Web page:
The most distal large tributary of the femoral vein is the deep thigh vein (v. Femoralis profunda), which flows into the femoral vein approximately 6-8 cm below where the inguinal ligament is located. Slightly lower is the point where the small diameter tributaries enter the femoral vein. These tributaries correspond to small branches of the femoral artery. If the lateral vein, which surrounds the thigh, does not have one trunk, but two or three, then in the same place its lower branch of the lateral vein flows into the femoral vein. In addition to the aforementioned vessels, in the femoral vein, in the place where the mouth of the deep vein of the thigh is located, there is more often the confluence of two companion veins that form the paraarterial venous bed.

In addition to the great saphenous vein, the lateral medial veins that run around the thigh also converge in the common femoral vein. The medial vein is more proximal than the lateral one. The place of its confluence can be located both at the same level as the mouth of the great saphenous vein, and slightly above it.

perforating veins

perforating veins of the leg

Venous vessels with thin walls and different diameters - from a few fractions of a millimeter to 2 mm - are called perforating veins. These veins are often oblique and 15 cm long. Most perforating veins have valves that direct blood flow from the superficial veins to the deep veins. Along with the perforating veins, which have valves, there are those without valve or neutral. These veins are most often located not in the foot. The number of spikes without a valve compared to the valve is 3-10%.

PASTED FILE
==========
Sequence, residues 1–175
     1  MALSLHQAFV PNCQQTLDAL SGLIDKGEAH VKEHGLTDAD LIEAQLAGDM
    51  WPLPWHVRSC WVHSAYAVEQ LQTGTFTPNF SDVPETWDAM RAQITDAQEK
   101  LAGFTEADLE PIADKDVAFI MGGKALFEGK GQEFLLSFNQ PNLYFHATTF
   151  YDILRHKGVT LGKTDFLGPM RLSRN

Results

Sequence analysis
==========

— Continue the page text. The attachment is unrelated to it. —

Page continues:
Direct and indirect perforating veins

Direct perforating veins are vessels through which deep and superficial veins are connected to each other. The saphenopliteal junction is the most typical example of a straight perforating vein. There are not many direct perforating veins in the human body. They are larger and in most cases are found in the distal regions of the limbs. For example, the Cockett's perforating veins are found in the tendon part of the lower leg.